Making it Easier to Interpret and Understand Multiple Realities
The purpose of this 10-hour course is to:
Introduce participants to the concept of a "qualitative model" in
order to facilitate interpretation of multiple sources of narrative,
visual, and numeric information; Provide examples of numerous kinds
of qualitative models for study and critique; Present a heuristic
for designing qualitative models so as to better understand the theories
revealed in the study of a given culture and to represent the emergent
theory in new ways.
A qualitative model is the synthetic visualization of a process (e.g.
communication, teaching) or a system (e.g. a culture, a political
structure) theorized on the basis of data from social science research.
This broad definition encompasses many things, including, for example:
business organizational charts, economic systems, and political maps
showing army movements or exports. In this course, however, we focus
particularly on qualitative models based on grounded theories which
seek to account for and explicate complex, chaotic, or elusive phenomena.
A fundamental understanding of the tenets of qualitative research
is a prerequisite for this course. Experience in the gathering, organizing,
and analysis of ethnographic data is strongly recommended, though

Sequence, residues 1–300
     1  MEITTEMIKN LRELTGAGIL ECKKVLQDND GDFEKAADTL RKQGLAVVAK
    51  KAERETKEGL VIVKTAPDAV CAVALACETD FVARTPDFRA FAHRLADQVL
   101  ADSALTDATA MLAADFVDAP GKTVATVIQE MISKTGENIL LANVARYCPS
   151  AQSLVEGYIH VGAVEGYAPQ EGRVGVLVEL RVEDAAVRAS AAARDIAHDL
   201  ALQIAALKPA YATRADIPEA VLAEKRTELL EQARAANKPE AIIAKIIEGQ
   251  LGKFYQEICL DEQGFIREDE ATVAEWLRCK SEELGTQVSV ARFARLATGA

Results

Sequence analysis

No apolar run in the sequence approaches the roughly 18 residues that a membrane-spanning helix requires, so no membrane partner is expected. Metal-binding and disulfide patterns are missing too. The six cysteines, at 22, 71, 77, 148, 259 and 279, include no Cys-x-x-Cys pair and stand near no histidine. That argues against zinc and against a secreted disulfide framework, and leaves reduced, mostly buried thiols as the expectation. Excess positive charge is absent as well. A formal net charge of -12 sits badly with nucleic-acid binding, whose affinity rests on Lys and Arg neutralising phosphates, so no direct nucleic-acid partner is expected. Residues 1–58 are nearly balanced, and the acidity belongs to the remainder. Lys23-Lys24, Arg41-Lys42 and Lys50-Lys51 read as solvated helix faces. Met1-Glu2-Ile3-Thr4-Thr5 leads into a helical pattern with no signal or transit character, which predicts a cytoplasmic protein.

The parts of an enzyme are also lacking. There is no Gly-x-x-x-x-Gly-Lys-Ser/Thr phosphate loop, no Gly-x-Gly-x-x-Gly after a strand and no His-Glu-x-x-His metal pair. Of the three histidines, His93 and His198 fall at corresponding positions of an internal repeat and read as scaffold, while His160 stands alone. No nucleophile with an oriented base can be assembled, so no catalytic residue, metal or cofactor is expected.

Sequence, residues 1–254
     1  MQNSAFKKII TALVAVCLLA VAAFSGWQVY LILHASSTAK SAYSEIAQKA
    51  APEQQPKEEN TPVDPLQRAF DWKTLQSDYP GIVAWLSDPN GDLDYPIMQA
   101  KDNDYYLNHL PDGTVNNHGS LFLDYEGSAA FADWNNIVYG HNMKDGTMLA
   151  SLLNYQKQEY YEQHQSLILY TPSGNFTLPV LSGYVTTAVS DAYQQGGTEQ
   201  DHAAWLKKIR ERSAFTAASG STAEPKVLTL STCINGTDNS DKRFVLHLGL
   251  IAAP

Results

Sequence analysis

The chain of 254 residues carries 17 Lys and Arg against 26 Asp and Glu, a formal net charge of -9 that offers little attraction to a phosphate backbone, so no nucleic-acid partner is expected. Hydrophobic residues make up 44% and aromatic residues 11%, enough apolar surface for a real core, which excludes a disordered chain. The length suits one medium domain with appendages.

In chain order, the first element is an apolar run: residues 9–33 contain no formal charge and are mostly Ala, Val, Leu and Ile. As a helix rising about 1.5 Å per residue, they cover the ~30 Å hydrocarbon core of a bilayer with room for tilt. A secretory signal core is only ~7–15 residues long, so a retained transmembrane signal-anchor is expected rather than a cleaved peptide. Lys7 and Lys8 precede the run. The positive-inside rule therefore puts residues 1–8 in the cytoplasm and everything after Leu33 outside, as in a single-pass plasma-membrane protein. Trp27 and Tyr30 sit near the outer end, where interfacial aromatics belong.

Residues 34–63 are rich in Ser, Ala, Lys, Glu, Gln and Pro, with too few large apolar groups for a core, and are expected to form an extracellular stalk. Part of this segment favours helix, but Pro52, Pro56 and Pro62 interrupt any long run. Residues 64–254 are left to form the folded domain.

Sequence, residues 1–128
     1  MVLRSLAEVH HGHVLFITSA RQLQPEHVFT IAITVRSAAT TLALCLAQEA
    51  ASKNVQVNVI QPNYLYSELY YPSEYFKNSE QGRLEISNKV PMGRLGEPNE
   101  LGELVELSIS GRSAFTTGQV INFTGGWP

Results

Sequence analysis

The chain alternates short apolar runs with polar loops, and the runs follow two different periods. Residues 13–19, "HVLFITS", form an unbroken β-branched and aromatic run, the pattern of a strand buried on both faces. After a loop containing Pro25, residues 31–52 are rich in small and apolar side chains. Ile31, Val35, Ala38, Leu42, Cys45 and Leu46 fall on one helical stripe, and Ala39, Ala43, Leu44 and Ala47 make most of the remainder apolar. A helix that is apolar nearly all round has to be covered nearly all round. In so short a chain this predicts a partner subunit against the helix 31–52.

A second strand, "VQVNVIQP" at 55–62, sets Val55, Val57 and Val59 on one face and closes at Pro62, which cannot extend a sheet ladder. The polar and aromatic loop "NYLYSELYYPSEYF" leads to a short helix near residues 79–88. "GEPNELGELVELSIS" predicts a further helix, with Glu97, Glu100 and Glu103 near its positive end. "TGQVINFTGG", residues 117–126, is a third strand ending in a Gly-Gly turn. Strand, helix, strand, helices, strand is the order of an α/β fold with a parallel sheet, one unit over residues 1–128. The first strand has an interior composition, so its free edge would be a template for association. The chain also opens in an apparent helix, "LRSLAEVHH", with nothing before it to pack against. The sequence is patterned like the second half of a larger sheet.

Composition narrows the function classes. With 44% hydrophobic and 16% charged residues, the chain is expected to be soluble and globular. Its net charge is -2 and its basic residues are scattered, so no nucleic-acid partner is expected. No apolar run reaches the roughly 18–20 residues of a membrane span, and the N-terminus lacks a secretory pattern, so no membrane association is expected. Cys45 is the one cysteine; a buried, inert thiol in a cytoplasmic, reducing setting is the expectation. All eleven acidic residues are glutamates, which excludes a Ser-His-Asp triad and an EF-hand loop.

Qualitative modeling is important because, during the latter part
of the 20th century, the social sciences have undergone a paradigmatic
shift from the purely positivistic (where verification of existing
theory was considered the only responsibility of research) to include
and even favor, the naturalistic (where the emergence of new theory
is considered the most valuable discovery of research). Books and
articles reporting these new grounded theories have devoted thousands
of pages to their descriptions --- and rightly so. Yet having been
so deeply involved with the linguistic and statistical forms of data,
we have limited our ways of thinking about the phenomena we study;
consequently, we have also limited ourselves to conceiving certain
The value in visualizing concepts is that we are able to take a global
view of them, prompting new ideas and questions about the ideas therein,
encouraging different examinations of old concepts, drawing our attention
to multiple realities otherwise not considered, and possibly identifying
Participants in this course will be required to develop flexible thinking
approaches to complex problems and seemingly chaotic environments
in order to try to make sense of them, and to express them in visual
representations. They will also be required to construct and present
at least one individual and one group model, both of which seek to
meet general criteria for excellence, and which demonstrate an understanding
of the various kinds of qualitative models discussed. Although published
and presented models may be sketched by hand, made with draw programs
and clip-art, constructed out of small objects, stand free, hang from
the ceiling, be dynamic, etc., no sophisticated or expensive equipment
and supplies will be required for this course. While a clear and aesthetically-pleasing